Little Miss Courtney

Surviving a stroke at the age of 15, Courtney had to to learn how to walk and how to live again. 5 years later, she talks about how “Little Miss” has kept her strong and full of hope.

Little Miss goes straight to my heart. It has a lot of resonance with me. I most certainly have a predilection for Sugarland’s music, in fact I cannot get enough of them or Jennifer’s voice, for that matter. There is a particular time in my life (five years ago to be exact), that Little Miss takes me back to. I was fifteen years old, and just starting out my first year in high school. I had played little league softball for seven years, so of course I wanted to continue playing into high school. Little did I know, that one day of softball conditioning would change my life forever.

It was February 21, 2006 just a normal relaxing day I was in my cozy little room lying on the floor studying for a couple of test. I was dressed in my running shoes, softball shorts, and t-shirt ready to go to an exhaustive but fun softball conditioning. Moments before, the house was filled with the aroma of the spaghetti my mom had prepared for supper. I felt great, I had a good day at school, and could not wait to have a good night of practice.

I arrived at my high school. On this particular night the team met in the old downstairs gym. All of the girls trying out for the team circled around the center of the gym and began stretching, making sure to get every muscle just right. When the stretching was done, the coaches had the team run laps around the rectangular gym to warm up. I normally despised running, but on this day I was feeling pretty good so I took off at first a slow rate to pace myself, and get momentum going.

As I went for the third lap running a little faster at the time, I began to get a headache. The more I ran the worse my headache was getting, until it finally got to the point where it felt like someone was taking a hammer to my temple. I was beginning to feel really weird, and Coach Stoner was beginning to notice my strange behavior and asked me what was wrong. All I said was “What do you mean?” I am not one to let you know when I do not feel good so I continued on running. I went around for another lap keeping my eye on the portly Coach Zollman. As I got closer to him he somehow completely went out of my view, things were getting pretty hazy, and all I could hear was the sound of the girls shoes hitting the floor as they ran, and they were also chatting to one another. All of a sudden my my equilibrium took a crash course sending me right into coach Zollman, with such force it knocked me back a little. Coach Stoner immediately knew something was most certainly wrong with me. He sat down on the squishy floor of the gym and I fell right down with him and closed my eyes. As the girls were running by wondering what was happening, Coach Stoner was asking me to keep my eyes open.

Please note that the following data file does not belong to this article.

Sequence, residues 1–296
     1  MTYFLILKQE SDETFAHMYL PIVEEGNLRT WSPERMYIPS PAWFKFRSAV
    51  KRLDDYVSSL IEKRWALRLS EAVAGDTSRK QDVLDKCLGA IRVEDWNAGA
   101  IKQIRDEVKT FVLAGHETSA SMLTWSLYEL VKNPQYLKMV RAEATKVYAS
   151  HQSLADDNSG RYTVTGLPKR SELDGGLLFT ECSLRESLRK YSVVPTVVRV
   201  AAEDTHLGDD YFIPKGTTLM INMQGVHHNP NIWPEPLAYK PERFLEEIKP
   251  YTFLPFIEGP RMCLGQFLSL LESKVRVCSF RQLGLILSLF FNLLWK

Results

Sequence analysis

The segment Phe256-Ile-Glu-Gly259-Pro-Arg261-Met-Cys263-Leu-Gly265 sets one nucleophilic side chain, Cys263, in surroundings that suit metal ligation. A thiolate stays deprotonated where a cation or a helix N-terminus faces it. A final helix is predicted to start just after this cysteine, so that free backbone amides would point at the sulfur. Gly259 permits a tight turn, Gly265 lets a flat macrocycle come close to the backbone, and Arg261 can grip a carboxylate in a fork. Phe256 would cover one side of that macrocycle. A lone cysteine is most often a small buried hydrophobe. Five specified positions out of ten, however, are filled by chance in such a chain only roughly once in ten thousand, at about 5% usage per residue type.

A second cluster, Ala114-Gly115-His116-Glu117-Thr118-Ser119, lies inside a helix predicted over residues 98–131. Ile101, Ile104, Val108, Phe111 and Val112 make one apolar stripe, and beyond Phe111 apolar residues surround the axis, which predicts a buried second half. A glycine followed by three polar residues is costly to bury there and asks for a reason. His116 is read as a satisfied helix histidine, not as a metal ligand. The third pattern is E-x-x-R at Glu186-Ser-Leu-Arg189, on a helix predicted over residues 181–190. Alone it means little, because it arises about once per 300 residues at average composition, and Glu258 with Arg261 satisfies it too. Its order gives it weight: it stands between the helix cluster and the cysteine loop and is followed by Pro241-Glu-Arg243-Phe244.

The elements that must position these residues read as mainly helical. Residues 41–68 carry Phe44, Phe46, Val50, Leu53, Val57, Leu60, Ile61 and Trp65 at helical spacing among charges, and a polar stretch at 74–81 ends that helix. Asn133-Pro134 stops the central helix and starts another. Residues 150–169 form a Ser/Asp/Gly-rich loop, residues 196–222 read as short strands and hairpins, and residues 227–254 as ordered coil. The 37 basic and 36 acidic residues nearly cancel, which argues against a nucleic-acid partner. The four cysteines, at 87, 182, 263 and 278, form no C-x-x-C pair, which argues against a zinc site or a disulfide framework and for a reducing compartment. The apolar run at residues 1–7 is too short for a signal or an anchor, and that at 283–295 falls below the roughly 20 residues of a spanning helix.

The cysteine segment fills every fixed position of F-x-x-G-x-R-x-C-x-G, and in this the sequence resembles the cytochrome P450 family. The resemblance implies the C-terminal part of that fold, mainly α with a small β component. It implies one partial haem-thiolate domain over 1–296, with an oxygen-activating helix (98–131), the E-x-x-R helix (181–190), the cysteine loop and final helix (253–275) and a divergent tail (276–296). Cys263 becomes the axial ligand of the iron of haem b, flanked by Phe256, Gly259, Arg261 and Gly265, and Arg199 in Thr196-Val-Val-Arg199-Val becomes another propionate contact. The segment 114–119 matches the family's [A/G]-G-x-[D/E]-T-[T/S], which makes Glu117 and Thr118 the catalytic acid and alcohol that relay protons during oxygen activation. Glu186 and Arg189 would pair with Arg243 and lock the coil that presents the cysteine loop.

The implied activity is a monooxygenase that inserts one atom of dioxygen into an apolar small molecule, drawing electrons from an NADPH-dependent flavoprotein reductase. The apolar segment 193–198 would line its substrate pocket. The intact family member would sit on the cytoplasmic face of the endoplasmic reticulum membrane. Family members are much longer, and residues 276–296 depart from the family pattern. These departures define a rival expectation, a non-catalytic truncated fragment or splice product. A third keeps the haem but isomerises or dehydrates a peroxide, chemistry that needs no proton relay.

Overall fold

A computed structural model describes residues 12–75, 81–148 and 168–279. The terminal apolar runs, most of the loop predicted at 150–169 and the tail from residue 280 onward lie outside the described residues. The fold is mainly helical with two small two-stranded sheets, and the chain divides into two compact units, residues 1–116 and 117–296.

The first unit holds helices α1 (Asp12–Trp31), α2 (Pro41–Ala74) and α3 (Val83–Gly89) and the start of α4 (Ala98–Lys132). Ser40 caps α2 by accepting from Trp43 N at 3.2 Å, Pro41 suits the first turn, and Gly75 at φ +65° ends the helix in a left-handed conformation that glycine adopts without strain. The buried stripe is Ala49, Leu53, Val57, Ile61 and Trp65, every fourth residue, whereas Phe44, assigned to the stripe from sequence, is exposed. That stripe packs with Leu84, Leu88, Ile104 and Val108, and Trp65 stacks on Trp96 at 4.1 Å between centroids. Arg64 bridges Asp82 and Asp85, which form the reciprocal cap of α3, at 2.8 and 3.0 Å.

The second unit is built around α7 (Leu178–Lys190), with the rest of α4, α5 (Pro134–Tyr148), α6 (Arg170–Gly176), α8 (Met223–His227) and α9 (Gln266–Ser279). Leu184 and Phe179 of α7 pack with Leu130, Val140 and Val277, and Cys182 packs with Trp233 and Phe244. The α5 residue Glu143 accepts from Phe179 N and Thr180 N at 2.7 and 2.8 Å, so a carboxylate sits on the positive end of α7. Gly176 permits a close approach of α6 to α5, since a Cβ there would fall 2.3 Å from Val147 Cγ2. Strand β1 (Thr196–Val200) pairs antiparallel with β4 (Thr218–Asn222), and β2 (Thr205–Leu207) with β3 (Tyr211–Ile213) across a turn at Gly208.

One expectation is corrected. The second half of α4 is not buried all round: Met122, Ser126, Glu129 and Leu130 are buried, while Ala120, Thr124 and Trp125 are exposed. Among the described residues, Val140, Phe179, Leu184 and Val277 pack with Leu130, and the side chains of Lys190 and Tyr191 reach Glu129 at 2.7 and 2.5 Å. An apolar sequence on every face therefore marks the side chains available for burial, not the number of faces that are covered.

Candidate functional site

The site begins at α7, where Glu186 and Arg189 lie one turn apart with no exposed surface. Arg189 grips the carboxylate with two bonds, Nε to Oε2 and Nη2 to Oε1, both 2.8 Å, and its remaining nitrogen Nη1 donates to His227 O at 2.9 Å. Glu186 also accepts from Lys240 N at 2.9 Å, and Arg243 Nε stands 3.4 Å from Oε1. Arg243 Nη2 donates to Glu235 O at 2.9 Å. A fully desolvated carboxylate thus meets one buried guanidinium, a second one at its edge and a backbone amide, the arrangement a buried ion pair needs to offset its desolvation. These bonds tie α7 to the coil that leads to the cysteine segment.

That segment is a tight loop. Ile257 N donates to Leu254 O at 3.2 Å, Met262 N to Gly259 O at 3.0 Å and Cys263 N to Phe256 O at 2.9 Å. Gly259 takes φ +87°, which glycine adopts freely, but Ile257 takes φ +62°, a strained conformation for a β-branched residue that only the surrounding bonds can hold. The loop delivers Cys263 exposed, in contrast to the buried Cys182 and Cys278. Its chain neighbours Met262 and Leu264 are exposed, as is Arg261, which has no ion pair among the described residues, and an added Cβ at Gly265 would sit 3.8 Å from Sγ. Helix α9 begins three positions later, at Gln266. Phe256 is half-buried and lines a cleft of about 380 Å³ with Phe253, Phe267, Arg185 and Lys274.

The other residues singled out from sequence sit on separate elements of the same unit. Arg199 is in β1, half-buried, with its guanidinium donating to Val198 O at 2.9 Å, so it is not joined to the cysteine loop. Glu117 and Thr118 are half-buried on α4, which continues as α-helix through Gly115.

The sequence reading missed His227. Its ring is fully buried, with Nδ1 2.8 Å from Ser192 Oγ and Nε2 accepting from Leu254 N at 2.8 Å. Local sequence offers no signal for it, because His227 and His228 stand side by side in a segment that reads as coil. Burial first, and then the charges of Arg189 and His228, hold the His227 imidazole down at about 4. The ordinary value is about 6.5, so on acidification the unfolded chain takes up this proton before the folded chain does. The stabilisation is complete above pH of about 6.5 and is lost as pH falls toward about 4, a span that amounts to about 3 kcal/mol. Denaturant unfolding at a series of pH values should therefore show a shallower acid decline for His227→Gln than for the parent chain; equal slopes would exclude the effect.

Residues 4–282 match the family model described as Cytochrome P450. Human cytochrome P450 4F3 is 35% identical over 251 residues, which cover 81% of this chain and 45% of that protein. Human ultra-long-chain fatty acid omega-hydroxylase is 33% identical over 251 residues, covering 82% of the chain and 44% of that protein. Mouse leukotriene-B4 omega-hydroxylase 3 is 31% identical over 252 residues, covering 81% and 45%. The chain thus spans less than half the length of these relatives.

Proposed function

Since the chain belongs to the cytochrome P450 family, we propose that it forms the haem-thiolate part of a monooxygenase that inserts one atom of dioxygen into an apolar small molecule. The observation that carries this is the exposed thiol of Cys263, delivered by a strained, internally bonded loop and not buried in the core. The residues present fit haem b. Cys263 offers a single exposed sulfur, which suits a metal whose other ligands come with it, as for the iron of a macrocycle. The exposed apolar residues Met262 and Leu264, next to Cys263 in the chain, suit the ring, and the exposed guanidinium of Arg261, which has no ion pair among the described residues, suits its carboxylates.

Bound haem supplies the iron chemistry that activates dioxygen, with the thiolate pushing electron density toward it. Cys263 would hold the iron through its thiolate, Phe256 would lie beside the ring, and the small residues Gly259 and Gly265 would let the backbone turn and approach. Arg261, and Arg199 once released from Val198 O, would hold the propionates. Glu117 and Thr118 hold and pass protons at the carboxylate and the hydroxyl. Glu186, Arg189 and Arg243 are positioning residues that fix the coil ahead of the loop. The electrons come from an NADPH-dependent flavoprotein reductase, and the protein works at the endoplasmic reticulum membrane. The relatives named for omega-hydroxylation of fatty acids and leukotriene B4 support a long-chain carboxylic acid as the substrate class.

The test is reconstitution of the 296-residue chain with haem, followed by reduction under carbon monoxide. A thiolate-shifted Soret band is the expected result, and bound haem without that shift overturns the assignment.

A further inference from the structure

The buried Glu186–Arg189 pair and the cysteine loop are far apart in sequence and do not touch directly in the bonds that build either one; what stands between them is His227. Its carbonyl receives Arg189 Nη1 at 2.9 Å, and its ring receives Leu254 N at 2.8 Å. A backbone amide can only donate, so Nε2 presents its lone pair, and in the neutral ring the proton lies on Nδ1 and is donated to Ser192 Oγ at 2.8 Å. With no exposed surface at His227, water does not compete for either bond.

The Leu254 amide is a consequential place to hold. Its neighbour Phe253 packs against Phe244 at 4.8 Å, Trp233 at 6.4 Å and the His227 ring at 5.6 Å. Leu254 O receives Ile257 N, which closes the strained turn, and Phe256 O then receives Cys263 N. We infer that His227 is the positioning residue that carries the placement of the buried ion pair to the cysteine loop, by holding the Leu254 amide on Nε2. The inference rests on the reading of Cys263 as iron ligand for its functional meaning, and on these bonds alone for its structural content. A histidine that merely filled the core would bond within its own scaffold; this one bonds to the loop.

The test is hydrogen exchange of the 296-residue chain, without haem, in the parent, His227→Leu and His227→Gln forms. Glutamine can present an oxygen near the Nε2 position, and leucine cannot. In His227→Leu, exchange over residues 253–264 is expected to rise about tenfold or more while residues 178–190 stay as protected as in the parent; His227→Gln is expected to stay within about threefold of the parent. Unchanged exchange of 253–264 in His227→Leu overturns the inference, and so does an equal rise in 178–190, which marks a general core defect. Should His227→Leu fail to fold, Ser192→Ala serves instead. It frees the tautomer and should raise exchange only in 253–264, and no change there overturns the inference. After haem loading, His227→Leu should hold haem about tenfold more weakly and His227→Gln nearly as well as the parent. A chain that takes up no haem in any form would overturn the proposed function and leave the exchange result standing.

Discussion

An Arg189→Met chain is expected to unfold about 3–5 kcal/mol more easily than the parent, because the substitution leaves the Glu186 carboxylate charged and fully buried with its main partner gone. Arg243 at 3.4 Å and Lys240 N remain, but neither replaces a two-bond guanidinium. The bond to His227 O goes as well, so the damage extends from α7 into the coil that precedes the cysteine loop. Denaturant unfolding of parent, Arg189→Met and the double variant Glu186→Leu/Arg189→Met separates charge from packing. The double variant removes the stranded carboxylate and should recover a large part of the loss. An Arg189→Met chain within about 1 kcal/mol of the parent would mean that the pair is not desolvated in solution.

One of the girls panicked and called my mom while another called 911, my mom said that she would be there as soon as she could. As I laid there I began to lose control of my body I could not feel anything but tiredness. Unaware I peed right there on the gym floor. After that my lifeless body, was in control of the EMT’s as they laid me on the cold stretcher board, and strapped me in every way possible. After my dad and I were securely in the ambulance it took off at the speed of light. The spaghetti I had eaten earlier was now everywhere in the ambulance from the blanket that covered me, to the dirty ambulance floor. Everything became a blur and I remembered nothing more. Until I became somewhat human again in my big hospital room at Kosair Children’s Hospital.

I found out that I had a stroke due to a blood clot in my neck that passed through a hole in my heart. For the next four months, I was like a six year old, that could not walk. I had partial paralysis on the left side of my body, and I said everything that came to my mind even if it was telling my mom I loved her twenty- seven times a day. I would spend this time in the Fraizer Rehab Center learning to walk again, and in the hospital bed gaining back my strength. “I’ll get tough, don’t you worry ‘bout me anymore.”

Now five years later, I am doing quite well. In fact a few months ago I was outside under the warm sun, with my old glove, throwing a softball back and forth with a friend. Although I still have some weakness on my left side, I continue to go on with my life doing the things I love. I am also currently enrolled in college, and have had a steady job for a couple of years. So like the song says,…. “It’ll be alright again……I’m okay!”

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